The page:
• QA 029
    How to approach the Italian market?
    We want to diversify into Italy to take advantage of the strong demand for gourmet and espresso coffee in which robusta is used. We have sent samples to various roasters but mostly receive negative or no responses.
    Asked by:
    Exporter - Madagascar

    The Italian market differs in many ways from other consuming countries: there are more than 1,500 roasters divided in 3 groups by size. The first group  consists of 5 to 10  large roasters who operate nationally and inter-nationally (Some of these are Lavazza, Segafredo-Zanetti, Jacobs-Suchard, Illycaffè and Coind). In the second group there are about 50 medium sized regional roasters while in the third there are all the other small local roasters (with new companies entering the market all the time).

    30% of the imported coffee is robusta, normally highly selected, with few or no taste defects. Exporting to Italy requires very careful selection of clean cupping qualities.

    Italian roasters are quite conservative when considering changing the characteristics of an Espresso blend. A typical Italian blend will change regionally (North, Centre, South) and is well defined. This is achieved by using various proportions of different origins. For example with a mainly natural arabica blend, or with robusta mixed with an acidic washed arabica. The final decision will be based mainly on cup characteristics, combined with bean size which is also important. Any 'new' coffee has to be evaluated not only on these criteria but especially also in terms of what it may do to improve the quality of a blend.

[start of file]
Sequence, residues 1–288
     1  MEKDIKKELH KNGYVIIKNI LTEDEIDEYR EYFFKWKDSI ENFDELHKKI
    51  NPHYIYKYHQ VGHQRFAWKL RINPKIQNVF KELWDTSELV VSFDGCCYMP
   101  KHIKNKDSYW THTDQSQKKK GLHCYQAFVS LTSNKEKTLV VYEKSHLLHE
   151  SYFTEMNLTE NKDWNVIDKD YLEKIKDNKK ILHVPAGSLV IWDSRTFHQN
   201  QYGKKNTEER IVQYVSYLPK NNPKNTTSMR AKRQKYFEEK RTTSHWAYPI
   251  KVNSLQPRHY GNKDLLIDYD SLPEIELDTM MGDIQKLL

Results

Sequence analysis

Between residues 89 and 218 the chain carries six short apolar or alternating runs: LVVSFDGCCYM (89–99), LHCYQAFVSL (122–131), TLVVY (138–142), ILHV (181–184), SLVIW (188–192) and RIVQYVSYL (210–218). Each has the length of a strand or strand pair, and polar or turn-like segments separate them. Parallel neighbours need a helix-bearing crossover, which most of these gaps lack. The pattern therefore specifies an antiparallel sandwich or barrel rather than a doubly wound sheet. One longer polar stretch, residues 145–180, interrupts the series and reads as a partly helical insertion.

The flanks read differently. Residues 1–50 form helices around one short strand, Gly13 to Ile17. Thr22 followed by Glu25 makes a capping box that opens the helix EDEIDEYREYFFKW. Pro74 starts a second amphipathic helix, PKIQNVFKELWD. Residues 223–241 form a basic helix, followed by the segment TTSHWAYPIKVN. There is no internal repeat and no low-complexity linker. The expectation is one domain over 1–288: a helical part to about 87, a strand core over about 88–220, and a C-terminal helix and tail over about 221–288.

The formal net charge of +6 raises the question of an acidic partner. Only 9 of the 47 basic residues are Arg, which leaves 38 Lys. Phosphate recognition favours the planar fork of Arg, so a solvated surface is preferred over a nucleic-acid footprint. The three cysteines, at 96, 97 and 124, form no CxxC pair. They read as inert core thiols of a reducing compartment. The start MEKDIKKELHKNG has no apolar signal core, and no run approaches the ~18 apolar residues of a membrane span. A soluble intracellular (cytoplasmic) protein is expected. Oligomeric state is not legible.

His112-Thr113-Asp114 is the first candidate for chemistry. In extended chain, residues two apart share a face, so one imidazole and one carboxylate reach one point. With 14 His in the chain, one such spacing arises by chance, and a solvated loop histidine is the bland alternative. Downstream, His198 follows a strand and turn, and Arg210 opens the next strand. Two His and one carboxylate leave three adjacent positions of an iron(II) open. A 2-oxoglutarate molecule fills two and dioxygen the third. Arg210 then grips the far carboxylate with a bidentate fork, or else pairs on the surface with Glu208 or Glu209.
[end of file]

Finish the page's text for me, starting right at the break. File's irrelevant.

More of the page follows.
You do not say whether you are proposing to sell natural or washed robusta: if you can offer good quality washed robusta (well prepared, clean cupping with good body and some flavour) then the chances of success will be much higher - there is always interest in such coffees, not only in Italy but also in Japan. But, natural arabicas and robustas with a clean cup make up the majority of Italian imports so the market for naturals is there.

    The make-up of the Italian market makes it imperative to link up with an importer if you wish to be able to access the huge number of medium and small roasters. Not only because of logistical reasons but also because the vast majority of smaller roasters buy from importers (sometimes already prepared blends which the importer sources on their behalf). A well-established importer has easy access to such buyers and can promote coffees on your behalf, something you will not find easy to do (as you already have experienced - many Italian roasters simply do not deal direct with origin). One way to 'ease' your coffee into the market would be to arrange cup-tasting sessions for a demonstration of your coffee. Another could be to provide samples to many, many roasters followed by trial deliveries of a few bags to those who show interest. But such initiatives are only feasible with the help of an importer.

    For more on Quality generally go to 11.00. For more on Espresso itself go to 12.09.04 and 12.09.05. For contacts in the Italian market try contacting info@asscafe.it, the Associazione Caffè Trieste. The European Specialty Coffee Association maintains a Europe-wide membership directory at www.scae.com but, you have to be a member to access this. (secretary@scae.com )

    Posted 13 July 2005

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